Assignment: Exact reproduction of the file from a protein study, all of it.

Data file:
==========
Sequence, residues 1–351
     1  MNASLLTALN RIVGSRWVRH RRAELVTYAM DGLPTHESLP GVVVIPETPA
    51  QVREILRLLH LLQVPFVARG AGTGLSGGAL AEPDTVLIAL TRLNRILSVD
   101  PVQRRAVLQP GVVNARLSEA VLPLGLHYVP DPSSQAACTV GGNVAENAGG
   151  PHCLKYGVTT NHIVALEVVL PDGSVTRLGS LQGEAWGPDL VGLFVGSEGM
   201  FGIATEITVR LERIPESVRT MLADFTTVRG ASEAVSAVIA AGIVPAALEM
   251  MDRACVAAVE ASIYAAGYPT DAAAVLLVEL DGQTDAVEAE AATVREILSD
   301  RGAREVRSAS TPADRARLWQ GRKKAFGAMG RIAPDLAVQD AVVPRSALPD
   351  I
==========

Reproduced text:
Sequence, residues 1–351
     1  MNASLLTALN RIVGSRWVRH RRAELVTYAM DGLPTHESLP GVVVIPETPA
    51  QVREILRLLH LLQVPFVARG AGTGLSGGAL AEPDTVLIAL TRLNRILSVD
   101  PVQRRAVLQP GVVNARLSEA VLPLGLHYVP DPSSQAACTV GGNVAENAGG
   151  PHCLKYGVTT NHIVALEVVL PDGSVTRLGS LQGEAWGPDL VGLFVGSEGM
   201  FGIATEITVR LERIPESVRT MLADFTTVRG ASEAVSAVIA AGIVPAALEM
   251  MDRACVAAVE ASIYAAGYPT DAAAVLLVEL DGQTDAVEAE AATVREILSD
   301  RGAREVRSAS TPADRARLWQ GRKKAFGAMG RIAPDLAVQD AVVPRSALPD
   351  I